Latest advises from the opposing
camps indicate the following lineups:
- O. A. C.
Ringle.. ..G.-. Hager
SOCIAL NEWS NOTES
Three teas were given during the past | i
week in honor of prominent women, j.
Mrs. A. G. Barker was the inspiration -
for the tea given by Alpha Phi on bat
urav afternoon. That of Alpha C hi
Omega was given in honor of Mrs.
Irving Brown, of East Orange, New Jer
sev, who is the council delegate of the
sorority and a guest of the chapter
here for a few days. Delta Delta Del
ta 's formal tea was given for Miss R.
Louise Fitch, who has just returned
from Europe and who is the former na
tional president of the sorority. With ^
examinations but two weeks off, enter- ,
taining of an informal nature seems to j
be prevalent on the campus.
• • •
The engagement of Miss Elizabeth
Bruere, daughter of Dr. and Mrs. G. E.
Breure of Portland, to Dr. Harry Gold- ;
Stein, of Spokane, was announced Satur- j
day in Portland. Miss Bruere will be I
remembered as a former University of
Oregon girl, a member of Delta Gamma.
Three hundred persons were included
in the invitation list of Alpha Chi
Omega for tea given in honor of Mrs.
Irving Brown, Saturday afternoon from
13 until 5. In the receiving line were,
besides the guest of honor, Mrs. P. L.
Campbell, Dean Elizabeth Fox, Miss
Sue Badollet, Mrs. Peter Crockatt, Mrs.
Anna Landsburv Beck, Ruth Sanborn,
and Mrs. Albert Sweetser presided at
l the tea table. Assisting about the
i rooms were the underclass girls. The
rooms were particularly attractive. In
j the living room, daffodils and pussy -
j willows were used in profusion. The
tea table was centered with a basket of
flowers of pastel shades. During the
afternoon an orchestra played.
The student body dance given by the
Order of the “O” at the Woman’s build
ing Friday evening ■was well attended.
Clever stunts were put on by initiates
of the Order of the “O” and many re
ceived their certificates of membership.
An orchestra of four pieces furnished
musie for the affair.
• • •
The tea given by Alpha Phi Satur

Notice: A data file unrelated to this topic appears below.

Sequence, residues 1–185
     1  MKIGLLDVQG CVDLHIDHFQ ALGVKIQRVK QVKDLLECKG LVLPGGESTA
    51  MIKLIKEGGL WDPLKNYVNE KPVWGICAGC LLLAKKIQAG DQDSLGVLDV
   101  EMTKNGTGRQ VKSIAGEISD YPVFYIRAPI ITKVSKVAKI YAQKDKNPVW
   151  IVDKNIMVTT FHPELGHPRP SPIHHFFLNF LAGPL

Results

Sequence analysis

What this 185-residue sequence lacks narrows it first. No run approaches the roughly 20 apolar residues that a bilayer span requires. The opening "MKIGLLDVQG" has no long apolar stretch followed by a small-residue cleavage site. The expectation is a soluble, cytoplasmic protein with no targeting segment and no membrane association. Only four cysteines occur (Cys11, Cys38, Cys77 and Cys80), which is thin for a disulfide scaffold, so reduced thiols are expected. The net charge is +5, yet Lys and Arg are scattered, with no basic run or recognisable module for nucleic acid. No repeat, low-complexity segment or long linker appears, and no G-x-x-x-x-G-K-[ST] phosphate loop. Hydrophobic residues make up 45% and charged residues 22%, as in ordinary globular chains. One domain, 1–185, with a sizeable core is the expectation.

dav afternoon in honor of Mrs. A. G.
Barker, house mother of the sorority,
was a large event of the week-end.
A color scheme of yellow and green
waB followed in decorations which were
of daffodils. In the receiving line were
Mrs. A. G. Barker and Miss Ila Nichols.
I'During the afternoon, Helen Carson,
: Winifred Hopson, Isabel Kidd, and
I Maurine Elrod1 poured. About 150
called during the afternoon.
• • *
Sunday afternoon, Woman’s League
was “at home” in the Alumni hall of
the Woman’s building to students of
the University. This was the third of
a series of “at homes” in which stu
dents may drop in and in an informal
way meet other students. Delightful
music was furnished during the after
noon which consisted of vocal solos
by Leona Gregory and Arthur John
on. and selections by an interesting
•'ilipiuo stringed orchestra. Many stu
lents took advantage of this Sunday
Delta Gamma is planning a reunion
"or next week-end, of all active and
ilumnae members of the sorority from
nit of town and from Eugene. Satur
lav evening they will give a banquet
at the Osburn Hotel in honor of the
• * •
Miss Olive Johnson who is a national
officer of the Y. W. C. A. was an inter
esting visitor on the campus and guest
at the Zeta Rho Epsilon house during
the past week, and the inspiration for
several affairs given in her honor. Miss
Johnson who is at present doing work
among immigrant women on the coast
is a member of Alpha Xi Delta soror
ity. Friday noon Mrs. Leland Coon
gave a luncheon in her honor and in the
afternoon from 3 until 5, Miss Ethel
Sanborn who is also an Alpha Xi Delta
gave a tea for the visitor.
• • •
A matinee dance was given Satur
day afternoon, by the freshmen of the
Sigma Nu fraternity. The dance was
given at the house from 3 to 6. The
house was decorated to represent front
ier days, with a bar at one end of the
room." Sandwiches and punch were
served to the guests from the bar, anc
during the afternoon several holdups
were made in true frontier style by the
western cowboys and bandits. Seven